Assuntos
Biomarcadores/sangue , Carbono/metabolismo , Inflamação/genética , Rim/metabolismo , Idoso , Idoso de 80 Anos ou mais , Índice de Massa Corporal , Proteína C-Reativa/genética , Feminino , Humanos , Inflamação/sangue , Inflamação/metabolismo , Inflamação/patologia , Cinurenina/sangue , Masculino , Pessoa de Meia-Idade , Fumar/genética , Abandono do Hábito de Fumar , Vitaminas/sangue
18.
Eur J Epidemiol ; 36(8): 841-848, 2021 Aug.
Artigo em Inglês | MEDLINE | ID: mdl-34036468

RESUMO

Systemic inflammation markers have been linked to increased cancer risk and mortality in a number of studies. However, few studies have estimated pre-diagnostic associations of systemic inflammation markers and cancer risk. Such markers could serve as biomarkers of cancer risk and aid in earlier identification of the disease. This study estimated associations between pre-diagnostic systemic inflammation markers and cancer risk in the prospective UK Biobank cohort of approximately 440,000 participants recruited between 2006 and 2010. We assessed associations between four immune-related markers based on blood cell counts: systemic immune-inflammation index (SII), neutrophil-to-lymphocyte ratio (NLR), platelet-to-lymphocyte ratio (PLR), lymphocyte-to-monocyte ratio (LMR), and risk for 17 cancer sites by estimating hazard ratios (HR) using flexible parametric survival models. We observed positive associations with risk for seven out of 17 cancers with SII, NLR, PLR, and negative associations with LMR. The strongest associations were observed for SII for colorectal and lung cancer risk, with associations increasing in magnitude for cases diagnosed within one year of recruitment. For instance, the HR for colorectal cancer per standard deviation increment in SII was estimated at 1.09 (95% CI 1.02-1.16) in blood drawn five years prior to diagnosis and 1.50 (95% CI 1.24-1.80) in blood drawn one month prior to diagnosis. We observed associations between systemic inflammation markers and risk for several cancers. The increase in risk the last year prior to diagnosis may reflect a systemic immune response to an already present, yet clinically undetected cancer. Blood cell ratios could serve as biomarkers of cancer incidence risk with potential for early identification of disease in the last year prior to clinical diagnosis.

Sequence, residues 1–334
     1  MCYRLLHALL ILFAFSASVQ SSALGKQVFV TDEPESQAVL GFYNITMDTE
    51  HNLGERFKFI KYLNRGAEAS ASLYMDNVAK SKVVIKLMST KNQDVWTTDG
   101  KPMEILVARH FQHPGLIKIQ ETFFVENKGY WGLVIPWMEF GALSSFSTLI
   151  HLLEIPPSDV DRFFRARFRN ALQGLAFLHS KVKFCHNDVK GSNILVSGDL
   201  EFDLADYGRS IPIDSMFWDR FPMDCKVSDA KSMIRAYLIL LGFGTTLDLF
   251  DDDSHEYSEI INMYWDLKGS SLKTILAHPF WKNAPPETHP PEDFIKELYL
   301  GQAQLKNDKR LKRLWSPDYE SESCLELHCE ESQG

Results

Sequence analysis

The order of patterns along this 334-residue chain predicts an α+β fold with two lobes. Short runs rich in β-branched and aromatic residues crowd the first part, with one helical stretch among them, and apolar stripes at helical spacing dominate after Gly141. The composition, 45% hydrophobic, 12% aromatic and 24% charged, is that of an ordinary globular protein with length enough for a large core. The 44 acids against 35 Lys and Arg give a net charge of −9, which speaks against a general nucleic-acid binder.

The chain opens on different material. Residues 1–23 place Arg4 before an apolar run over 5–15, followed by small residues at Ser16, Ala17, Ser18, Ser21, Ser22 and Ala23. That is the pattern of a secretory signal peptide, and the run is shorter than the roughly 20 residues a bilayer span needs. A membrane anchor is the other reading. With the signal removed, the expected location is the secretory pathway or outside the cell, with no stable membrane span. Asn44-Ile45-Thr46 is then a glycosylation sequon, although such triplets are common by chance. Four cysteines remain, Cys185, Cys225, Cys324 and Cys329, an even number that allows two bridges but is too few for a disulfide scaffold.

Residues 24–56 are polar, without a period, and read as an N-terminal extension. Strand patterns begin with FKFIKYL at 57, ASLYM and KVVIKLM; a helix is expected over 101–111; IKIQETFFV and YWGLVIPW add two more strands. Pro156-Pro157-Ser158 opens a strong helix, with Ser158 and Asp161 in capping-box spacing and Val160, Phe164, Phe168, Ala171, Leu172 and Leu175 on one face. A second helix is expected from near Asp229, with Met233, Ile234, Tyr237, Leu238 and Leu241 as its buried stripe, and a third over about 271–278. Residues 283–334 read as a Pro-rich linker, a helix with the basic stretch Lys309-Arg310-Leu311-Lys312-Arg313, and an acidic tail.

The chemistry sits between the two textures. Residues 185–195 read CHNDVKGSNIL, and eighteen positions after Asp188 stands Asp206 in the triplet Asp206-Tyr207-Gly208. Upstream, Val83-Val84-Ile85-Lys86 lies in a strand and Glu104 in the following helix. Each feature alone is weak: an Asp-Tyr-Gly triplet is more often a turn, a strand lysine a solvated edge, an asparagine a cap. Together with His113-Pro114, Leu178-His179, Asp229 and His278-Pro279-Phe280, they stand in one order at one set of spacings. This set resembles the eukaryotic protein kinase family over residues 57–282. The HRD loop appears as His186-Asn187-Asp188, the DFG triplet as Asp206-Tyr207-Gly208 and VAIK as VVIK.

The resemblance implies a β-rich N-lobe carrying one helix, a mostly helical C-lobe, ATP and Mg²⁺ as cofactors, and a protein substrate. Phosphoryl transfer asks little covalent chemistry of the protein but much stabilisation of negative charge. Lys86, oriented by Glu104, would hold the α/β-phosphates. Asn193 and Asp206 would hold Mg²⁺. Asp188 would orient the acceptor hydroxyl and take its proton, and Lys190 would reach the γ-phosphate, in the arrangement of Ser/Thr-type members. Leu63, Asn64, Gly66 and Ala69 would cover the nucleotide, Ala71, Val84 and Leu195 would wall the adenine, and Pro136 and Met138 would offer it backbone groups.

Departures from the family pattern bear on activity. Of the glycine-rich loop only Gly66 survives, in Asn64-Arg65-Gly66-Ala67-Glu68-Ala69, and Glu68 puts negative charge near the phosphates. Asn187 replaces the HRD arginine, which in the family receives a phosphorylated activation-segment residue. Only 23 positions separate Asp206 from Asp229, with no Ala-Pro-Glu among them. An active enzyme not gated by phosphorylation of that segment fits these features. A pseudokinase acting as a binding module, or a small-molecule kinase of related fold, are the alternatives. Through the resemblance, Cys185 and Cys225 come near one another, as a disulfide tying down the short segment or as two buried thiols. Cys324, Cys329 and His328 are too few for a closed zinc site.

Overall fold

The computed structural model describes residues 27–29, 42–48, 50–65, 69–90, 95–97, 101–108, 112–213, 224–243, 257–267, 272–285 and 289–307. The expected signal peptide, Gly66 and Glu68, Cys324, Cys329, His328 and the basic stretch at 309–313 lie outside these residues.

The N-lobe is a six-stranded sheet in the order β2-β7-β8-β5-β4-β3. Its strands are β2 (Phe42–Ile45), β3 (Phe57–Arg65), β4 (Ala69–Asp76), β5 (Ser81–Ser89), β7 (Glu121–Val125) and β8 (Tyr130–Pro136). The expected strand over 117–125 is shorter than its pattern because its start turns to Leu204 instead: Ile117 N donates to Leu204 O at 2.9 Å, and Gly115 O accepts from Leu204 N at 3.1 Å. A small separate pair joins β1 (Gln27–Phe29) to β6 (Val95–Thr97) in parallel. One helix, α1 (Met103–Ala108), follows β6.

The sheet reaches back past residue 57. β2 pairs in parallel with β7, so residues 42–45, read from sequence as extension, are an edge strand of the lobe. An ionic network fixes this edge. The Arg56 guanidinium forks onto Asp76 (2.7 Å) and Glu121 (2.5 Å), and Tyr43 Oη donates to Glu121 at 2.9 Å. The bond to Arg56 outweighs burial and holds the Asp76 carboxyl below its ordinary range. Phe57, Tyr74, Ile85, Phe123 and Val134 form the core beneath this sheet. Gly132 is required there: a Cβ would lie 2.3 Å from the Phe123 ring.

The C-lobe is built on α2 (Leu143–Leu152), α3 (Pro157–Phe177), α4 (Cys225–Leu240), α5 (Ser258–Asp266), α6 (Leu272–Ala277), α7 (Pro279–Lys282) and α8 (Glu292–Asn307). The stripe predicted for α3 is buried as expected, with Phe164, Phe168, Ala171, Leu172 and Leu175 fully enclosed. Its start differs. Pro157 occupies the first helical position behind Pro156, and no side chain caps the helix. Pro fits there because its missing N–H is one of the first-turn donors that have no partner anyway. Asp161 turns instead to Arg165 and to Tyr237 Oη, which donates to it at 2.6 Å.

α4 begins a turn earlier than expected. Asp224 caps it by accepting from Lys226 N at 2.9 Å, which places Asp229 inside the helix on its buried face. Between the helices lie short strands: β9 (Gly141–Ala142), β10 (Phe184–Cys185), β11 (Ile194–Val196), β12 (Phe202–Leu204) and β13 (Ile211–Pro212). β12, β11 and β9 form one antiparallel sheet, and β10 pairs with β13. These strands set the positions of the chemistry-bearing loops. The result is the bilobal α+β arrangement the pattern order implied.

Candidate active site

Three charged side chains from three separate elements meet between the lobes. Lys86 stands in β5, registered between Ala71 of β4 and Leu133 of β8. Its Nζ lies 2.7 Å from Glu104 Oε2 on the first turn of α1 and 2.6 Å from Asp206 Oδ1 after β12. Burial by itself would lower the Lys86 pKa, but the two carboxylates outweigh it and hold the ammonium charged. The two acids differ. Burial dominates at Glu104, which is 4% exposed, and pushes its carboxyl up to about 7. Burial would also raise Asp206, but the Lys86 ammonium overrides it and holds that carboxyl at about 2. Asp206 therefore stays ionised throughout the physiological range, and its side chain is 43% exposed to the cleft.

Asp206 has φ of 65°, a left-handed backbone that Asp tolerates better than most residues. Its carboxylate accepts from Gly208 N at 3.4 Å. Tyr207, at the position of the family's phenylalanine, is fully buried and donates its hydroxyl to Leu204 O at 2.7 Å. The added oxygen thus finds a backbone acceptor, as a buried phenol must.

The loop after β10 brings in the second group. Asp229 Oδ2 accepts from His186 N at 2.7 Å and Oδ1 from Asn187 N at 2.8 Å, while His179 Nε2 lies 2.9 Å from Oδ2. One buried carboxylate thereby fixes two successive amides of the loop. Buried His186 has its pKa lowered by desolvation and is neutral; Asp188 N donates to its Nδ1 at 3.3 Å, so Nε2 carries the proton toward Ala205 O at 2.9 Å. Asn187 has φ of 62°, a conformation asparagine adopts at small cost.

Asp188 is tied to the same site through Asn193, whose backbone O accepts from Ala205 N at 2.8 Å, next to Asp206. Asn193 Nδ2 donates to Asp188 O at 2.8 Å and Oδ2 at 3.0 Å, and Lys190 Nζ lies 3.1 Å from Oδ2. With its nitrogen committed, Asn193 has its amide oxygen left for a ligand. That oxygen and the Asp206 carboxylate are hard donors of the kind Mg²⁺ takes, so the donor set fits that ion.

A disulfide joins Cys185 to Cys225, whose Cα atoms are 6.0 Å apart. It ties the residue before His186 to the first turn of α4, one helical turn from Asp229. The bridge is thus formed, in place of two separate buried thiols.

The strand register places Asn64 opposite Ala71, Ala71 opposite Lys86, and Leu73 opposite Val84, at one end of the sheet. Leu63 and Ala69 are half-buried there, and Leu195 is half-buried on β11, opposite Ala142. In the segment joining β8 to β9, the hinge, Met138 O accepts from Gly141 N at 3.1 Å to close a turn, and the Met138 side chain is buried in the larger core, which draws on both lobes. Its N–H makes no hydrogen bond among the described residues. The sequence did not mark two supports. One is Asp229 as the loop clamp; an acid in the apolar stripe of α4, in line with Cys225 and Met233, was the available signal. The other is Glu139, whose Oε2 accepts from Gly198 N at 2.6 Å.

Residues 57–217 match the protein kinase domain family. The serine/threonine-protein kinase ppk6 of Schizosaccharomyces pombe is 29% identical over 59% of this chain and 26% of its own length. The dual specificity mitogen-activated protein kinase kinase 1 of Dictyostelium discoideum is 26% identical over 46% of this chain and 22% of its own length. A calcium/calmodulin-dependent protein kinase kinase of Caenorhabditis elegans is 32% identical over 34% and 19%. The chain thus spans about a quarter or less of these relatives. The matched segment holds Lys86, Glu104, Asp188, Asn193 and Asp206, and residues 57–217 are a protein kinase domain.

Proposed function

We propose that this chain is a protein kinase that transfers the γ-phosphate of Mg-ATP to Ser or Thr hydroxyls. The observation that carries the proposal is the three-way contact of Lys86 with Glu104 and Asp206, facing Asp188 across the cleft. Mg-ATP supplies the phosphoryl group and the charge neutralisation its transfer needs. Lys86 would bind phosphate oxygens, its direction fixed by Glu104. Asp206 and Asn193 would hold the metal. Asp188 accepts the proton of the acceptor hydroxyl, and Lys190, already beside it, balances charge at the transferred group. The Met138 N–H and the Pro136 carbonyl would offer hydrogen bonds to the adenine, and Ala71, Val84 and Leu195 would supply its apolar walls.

Assuntos
Biomarcadores/sangue , Inflamação/sangue , Inflamação/imunologia , Neoplasias/epidemiologia , Adulto , Idoso , Bancos de Espécimes Biológicos , Biomarcadores Tumorais/análise , Contagem de Células Sanguíneas , Estudos de Coortes , Feminino , Humanos , Incidência , Contagem de Linfócitos , Masculino , Pessoa de Meia-Idade , Neoplasias/sangue , Neutrófilos/patologia , Estudos Prospectivos , Reino Unido/epidemiologia
20.
Pancreatology ; 2021 May 15.
Artigo em Inglês | MEDLINE | ID: mdl-34049822

RESUMO

OBJECTIVE: To determine the risk association between fasting glucose levels and pancreatic cancer using systematically collected prediagnostic blood glucose samples. METHODS: Prospective nested case-control study of participants from the Northern Sweden Health and Disease Study, including 182 cases that developed pancreatic cancer and four matched controls per case. Blood glucose levels collected up to 24 years before pancreatic cancer diagnosis were analyzed. The association between fasting glucose levels and pancreatic cancer risk was determined using unconditional and conditional logistic regression models. The association between fasting glucose and the time to pancreatic cancer diagnosis, tumor stage and survival was determined using likelihood-ratio test, t-test and log rank test. RESULTS: The unadjusted risk of developing pancreatic cancer increased with increasing fasting glucose levels (OR 1.30, 95% CI 1.05-1.60, P = .015). Impaired fasting glucose (≥6.1 mmol/L) was associated with an adjusted risk of 1.77 for developing pancreatic cancer (95% CI 1.05-2.99, P = .032). In subgroup analysis, fasting glucose levels were associated with an increased risk in never-smokers (OR 4.02, 95% CI 1.26-12.77, P = .018) and non-diabetics (OR 3.08, 95% CI 1.08-8.79, P = .035) (non-significant for interaction). The ratio between fasting glucose and BMI was higher among future pancreatic cancer patients and an increased ratio was associated with elevated risk of pancreatic cancer (OR 1.66, 95% CI 1.04-2.66, P = .034). Fasting glucose levels were not associated with TNM stage at diagnosis or survival. CONCLUSIONS: High fasting glucose is associated with an increased risk of being diagnosed with pancreatic cancer.